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Goldman Sachs fine sees UK regulators offer banks a stark reminder to act on bribery red flags
23 Oct 2020 3:49 pm by Martin Coyle
The British slice of Goldman Sachs’ hefty global 1MDB settlement represented a modest 5 percent of the $2.3 billion total — but the regulators' reasoning serves up important takeaways for other UK financial institutions ignoring red flags as they push deals through.
Goldman Sachs International, a London-based arm of the US investment banking group, had a fine of 96.6 million pounds ($126 million) jointly imposed by the Financial Conduct Authority and the Prudential Regulatory Authority as part of a coordinated global resolution.
That comprised the $2.3 billion in fines from nine regulators in the US, UK and Singapore, for a catalogue of risk-control failures linked to scandal-hit Malaysian sovereign wealth fund 1Malaysia Development Berhad, alongside a repayment of $600 million in fees that GSI earned for its part in 1MDB's dealings.
The huge penalty is in addition to a $3.9 billion corruption settlement agreed with Malaysia’s government in July. 1MDB has been at the center of a massive corruption scandal since 2015 when former Malaysian Prime Minister Najib Razak was accused of funneling billions of dollars from the fund into his personal bank accounts.
While US regulators took the lion's share of the settlement, the British dimensions of GSI's trail of failings emerged clearly in the report by the FCA and PRA yesterday and should offer salutary lessons for other banks regulated in the UK.
The FCA punished GSI for its involvement in three bond transactions for 1MDB in 2012 and 2013. While the transactions took place mainly in Asia, GSI executives in London signed off on it. The bank made $567 million on the deals, with $91 million booked to London.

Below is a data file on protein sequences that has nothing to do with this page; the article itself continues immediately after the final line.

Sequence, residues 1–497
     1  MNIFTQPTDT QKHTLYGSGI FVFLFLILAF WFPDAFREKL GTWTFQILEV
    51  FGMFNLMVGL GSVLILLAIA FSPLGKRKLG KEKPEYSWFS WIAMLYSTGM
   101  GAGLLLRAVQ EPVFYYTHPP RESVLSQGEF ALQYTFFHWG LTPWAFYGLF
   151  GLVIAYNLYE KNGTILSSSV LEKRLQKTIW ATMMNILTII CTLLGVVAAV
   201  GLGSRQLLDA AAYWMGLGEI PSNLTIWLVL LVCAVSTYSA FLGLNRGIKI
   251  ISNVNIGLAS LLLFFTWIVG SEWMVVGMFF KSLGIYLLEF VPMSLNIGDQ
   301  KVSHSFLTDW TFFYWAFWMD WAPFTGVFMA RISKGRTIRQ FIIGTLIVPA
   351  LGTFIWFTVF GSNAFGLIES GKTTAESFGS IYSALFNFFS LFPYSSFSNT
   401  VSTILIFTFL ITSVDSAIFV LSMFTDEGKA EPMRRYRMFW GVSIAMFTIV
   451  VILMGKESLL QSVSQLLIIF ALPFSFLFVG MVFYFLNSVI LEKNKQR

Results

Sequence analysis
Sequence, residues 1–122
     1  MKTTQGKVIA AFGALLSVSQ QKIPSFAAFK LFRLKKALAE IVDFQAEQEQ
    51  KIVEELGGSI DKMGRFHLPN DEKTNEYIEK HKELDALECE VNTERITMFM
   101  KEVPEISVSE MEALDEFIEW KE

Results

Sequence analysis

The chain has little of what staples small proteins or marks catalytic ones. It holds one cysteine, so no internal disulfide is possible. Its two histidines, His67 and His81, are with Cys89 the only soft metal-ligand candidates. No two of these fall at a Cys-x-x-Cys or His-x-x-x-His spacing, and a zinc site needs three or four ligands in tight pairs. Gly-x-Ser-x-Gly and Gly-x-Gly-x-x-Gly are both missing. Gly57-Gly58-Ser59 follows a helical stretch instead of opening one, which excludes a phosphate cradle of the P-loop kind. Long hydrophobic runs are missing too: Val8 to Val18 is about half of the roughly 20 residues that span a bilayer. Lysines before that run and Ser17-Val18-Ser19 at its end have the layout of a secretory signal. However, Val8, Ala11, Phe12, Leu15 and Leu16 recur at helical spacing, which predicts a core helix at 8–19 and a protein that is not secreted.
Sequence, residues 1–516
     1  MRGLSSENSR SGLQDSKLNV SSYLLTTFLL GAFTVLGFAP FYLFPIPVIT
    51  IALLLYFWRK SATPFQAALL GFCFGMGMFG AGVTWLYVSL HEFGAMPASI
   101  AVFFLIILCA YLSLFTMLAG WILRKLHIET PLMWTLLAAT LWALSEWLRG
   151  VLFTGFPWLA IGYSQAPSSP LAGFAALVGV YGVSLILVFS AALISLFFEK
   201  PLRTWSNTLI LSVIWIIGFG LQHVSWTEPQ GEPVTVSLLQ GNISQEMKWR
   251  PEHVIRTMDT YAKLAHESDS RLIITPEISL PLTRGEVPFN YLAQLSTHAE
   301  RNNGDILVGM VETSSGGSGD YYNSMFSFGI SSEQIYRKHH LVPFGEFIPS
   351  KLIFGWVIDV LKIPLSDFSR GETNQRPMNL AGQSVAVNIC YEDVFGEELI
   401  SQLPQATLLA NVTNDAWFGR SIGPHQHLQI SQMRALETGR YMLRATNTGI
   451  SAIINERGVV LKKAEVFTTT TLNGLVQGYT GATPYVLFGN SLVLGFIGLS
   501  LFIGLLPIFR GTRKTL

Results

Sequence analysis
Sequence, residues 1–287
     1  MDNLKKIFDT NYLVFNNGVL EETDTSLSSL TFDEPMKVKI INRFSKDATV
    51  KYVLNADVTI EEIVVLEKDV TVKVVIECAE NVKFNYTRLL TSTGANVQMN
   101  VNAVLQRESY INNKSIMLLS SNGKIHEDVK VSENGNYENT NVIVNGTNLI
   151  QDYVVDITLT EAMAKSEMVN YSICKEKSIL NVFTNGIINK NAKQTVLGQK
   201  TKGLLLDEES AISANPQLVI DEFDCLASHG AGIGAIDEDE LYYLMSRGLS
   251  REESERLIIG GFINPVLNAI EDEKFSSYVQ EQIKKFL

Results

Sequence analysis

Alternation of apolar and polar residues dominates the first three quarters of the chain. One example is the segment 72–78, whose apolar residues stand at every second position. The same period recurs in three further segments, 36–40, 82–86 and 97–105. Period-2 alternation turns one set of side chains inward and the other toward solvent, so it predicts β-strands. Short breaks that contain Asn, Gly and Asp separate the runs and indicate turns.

The FCA said signoff on the transactions occurred despite the “significant risk” involved and the fact that they involved clients that the bank itself had identified as presenting “enhanced legal, compliance and reputational risk.” The bank had previously turned away a risky client who later was linked to the transactions, the regulator said.
Bank executives were warned after the deals closed about possible bribery linked to 1MDB as well as other misconduct. And while the deals had already gone ahead, the bank had a duty to inform its compliance function and in turn regulators about the issues.
Negative publicity surrounding 1MDB after the deals were signed off were seemingly ignored by executives, who failed to take appropriate steps and escalate concerns internally.
While the scale of the wrongdoing by multiple actors in the 1MDB scandal might be extraordinary, any big deals need to pass the smell test. If there are concerns about the probity of those involved then concerns must be escalated, despite the huge profits at stake. This applies to issues that arise even after the deals have been signed off and completed.
The failure to assess the risks involved in the transactions and then the neglect to be open with the authorities after they were done are the essential factors behind yesterday’s UK sanction — which in absolute terms was a significant sum, and one that would have been substantially higher except the bank was given credit for settling early and for having paid so much already to the Malaysian authorities.
The FCA and PRA have been unambiguous that unless banks are open and honest with them when they discover anything fishy in a transaction, they can expect the same.
They must avoid placing too much reliance on executives putting deals together and ensure to examine the risks involved in transactions appropriately. In GSI's case, the FCA said, "the manner in which some of the risks were presented to the committees did not enable them to assess the risks fully, including the reputational and financial crime risks arising from each of the 1MDB transactions, holistically."
Mark Steward, the FCA's head of enforcement, spelled out the risk for companies that willfully turn a blind eye: "GSI’s failure to take appropriate action in this case shows that it did not take this responsibility seriously. When confronted with allegations of bribery and staff misconduct, the firm’s mishandling allowed severe misconduct to go unaddressed. There is no amnesty for firms that tackle financial crime poorly."
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